Stories about Latin America from May, 2015
The list is reserved for nations that, according to the US government, repeatedly provide support for international acts of premeditated, politically motivated violence against non-combatants.
Four players from the Buenos Aires football club River Plate were attacked by fans with pepper spray during a match against their bitter rivals, Boca Juniors.
In May 1911, during the Mexican Revolution, half the population of the Chinese community in the town of Torreón were killed by an enraged mob.
The football organization votes for president on Friday. On Twitter, leading football figures and sports officials weighed in on the FIFA arrest scandal using the hashtag #FIFAArrests.
Resistance by Peruvian farmers to the planned Tía María mining operation has increased in the last few weeks. Here is some background on the origins of the conflict.
"Tlatlaya, Ayotzinapa, and now Chilapa… does anyone still doubt that President Peña has lost control of the country?"
Residents of the city of Medellín, Colombia, are asking themselves if the metro is the place to talk about abortion, stemming from an ad by the #ladecisiónestuya (the decision is yours) campaign that's running in the public transit system's cars, as shared by user Jaime Andrés (@JAIM3_ANDR3S): #LaDecisionEsTuya pic.twitter.com/Nbaq2zJHXn — Jaime...
Now that relations between US and Cuba are improving, the US wants to see if it can benefit from the vaccine.
May 21 marks the National Day of Cultural and Linguistic Diverisity, and to commemorate the occasion, the Peruvian National Registrar of Identification and Civil Status (Reniec) launched the Awajun-Spanish bilingual civil registrar: Las actas generadas de esta manera tendrán el mismo valor oficial que las actas tradicionales en castellano, y...
"In #Argentina 300 million liters of glyphosate are sprayed annually across 28 million hectares of plantation, affecting more than 10 million people."
'This moronic "judge" Piombo who calls a six-year-old a transvestite deserves to be thrown in jail!'
This Mexican Author Says Languages Aren't Straitjackets, but Tools to Start a Bilingual Conversation
Cristina Rivera Garza used to publish only in Spanish, but after 25 years in the US, she says writing in both Spanish and English brings tremendous richness to her experience.
Niña de 11 años embarazada que no quiere abortar genera polémica➝http://t.co/uPBo6NEKcC #Aborto #Embarazo #Uruguay — Periódico La Tribuna (@PLaTribunaFunza) May 8, 2015 Pregnant 11-year-old who refused to abort creates controversy. We wrote recently about about a 10-year-old pregnant girl from Paraguay who was allegedly raped by her stepfather and who was unable to have an abortion...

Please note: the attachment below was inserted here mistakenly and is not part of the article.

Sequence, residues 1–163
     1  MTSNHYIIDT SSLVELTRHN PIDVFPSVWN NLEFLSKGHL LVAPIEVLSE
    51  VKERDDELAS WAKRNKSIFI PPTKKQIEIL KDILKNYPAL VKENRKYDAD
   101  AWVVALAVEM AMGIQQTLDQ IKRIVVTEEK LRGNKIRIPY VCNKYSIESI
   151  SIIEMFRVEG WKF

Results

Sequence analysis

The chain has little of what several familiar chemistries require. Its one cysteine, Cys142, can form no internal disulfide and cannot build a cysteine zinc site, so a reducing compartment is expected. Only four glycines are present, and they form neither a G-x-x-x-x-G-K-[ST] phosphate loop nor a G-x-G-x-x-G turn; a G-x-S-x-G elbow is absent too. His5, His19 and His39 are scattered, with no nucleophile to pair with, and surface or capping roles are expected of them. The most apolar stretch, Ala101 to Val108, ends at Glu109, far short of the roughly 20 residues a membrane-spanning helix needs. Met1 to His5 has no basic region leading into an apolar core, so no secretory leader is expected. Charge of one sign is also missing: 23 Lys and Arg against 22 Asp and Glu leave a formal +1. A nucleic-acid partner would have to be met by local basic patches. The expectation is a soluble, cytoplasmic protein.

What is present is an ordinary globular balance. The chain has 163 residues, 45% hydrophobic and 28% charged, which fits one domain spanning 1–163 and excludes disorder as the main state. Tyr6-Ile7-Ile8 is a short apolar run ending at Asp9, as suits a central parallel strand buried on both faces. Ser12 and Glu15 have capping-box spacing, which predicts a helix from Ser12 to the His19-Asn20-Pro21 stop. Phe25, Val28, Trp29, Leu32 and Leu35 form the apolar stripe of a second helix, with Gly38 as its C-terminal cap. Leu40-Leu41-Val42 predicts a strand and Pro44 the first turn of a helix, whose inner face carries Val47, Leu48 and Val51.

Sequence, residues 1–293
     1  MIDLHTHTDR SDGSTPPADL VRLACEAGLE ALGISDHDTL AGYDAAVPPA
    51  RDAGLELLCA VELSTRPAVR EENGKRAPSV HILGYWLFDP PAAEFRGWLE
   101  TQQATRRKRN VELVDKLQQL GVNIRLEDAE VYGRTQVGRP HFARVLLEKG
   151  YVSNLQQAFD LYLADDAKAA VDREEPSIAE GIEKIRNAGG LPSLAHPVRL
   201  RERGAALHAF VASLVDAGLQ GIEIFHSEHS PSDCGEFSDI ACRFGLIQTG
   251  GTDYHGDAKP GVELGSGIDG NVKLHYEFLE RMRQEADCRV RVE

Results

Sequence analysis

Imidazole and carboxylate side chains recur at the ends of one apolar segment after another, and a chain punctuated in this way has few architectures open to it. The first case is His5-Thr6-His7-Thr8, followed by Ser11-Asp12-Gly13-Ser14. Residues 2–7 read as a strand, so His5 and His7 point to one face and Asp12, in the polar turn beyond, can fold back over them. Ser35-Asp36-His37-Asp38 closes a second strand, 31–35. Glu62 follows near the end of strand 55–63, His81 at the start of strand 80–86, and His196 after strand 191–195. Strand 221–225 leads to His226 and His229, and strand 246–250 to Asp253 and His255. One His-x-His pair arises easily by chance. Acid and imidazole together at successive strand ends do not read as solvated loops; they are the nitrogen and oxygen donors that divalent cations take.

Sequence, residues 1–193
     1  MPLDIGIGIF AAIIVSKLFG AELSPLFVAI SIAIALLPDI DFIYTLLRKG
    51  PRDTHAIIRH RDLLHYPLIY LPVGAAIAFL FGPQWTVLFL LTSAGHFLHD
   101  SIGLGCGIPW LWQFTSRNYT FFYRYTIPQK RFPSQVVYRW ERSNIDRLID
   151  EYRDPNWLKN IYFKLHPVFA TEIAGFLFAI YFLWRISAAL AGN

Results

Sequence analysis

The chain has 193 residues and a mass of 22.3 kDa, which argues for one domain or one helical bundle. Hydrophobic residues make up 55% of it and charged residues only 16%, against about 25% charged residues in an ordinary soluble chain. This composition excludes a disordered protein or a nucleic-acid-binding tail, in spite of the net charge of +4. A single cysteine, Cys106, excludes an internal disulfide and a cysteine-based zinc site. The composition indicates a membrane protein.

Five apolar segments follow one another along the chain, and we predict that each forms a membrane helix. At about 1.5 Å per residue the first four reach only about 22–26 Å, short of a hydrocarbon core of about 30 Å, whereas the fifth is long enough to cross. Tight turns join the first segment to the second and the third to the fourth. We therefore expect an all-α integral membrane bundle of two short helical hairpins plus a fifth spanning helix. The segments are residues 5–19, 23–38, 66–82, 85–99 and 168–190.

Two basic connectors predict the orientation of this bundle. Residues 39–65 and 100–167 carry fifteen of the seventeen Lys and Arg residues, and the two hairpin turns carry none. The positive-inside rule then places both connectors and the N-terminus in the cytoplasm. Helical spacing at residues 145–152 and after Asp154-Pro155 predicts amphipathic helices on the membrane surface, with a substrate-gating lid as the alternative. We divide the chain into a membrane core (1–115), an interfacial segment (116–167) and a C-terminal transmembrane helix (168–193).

At least 48 people were killed and an unknown number of people are missing after a landslide caused by heavy rains that hit the community of Salgar, in the Colombian department of Antioquia, in the early hours of May 18, 2015. The secretary of government of Salgar, Zulma Osorio, declared that...
For over 50 years, it was thought that the Lima orchid was an extinct species; but, good news comes from a team from the National Forest and Wildlife Service, which is also part of the Peruvian Ministry of Agriculture: Los especialistas encontraron ejemplares de dicha orquídea, típica de las lomas de la cuenca del...
Under the hashtag #NiUnaMenos (Not One Less), Argentina is mounting a campaign against the alarming increase in the number of femicides, which shows no signs of going down. Many of the country's public personalities have joined the campaign, like cartoonist Liniers, who used one of his best known characters to participate in the movement. 3...
One Thousand and One Nights, a Turkish drama series, enjoys incredible success in the Mecca of soap operas: Latin America. But what questions does this success raise?
During the Special Period in Cuba, rock and heavy metal fans infected themselves with AIDS in order to have better living conditions, Radio Ambulante reports.
In light of the devaluation of the Venezuelan bolivar, Venezuelans are crossing the border to work in Brazil and then return home with their earnings.
After several attacks from a powerful Mexican cartel, the Jalisco government hopes that technology can keep citizens informed about clashes and "narcobloqueos."
Together with local partners, Rising Voices is pleased to announce the open call for participation for an Indigenous Language Digital Activism Gathering set for June 18-19 in Bogota, Colombia.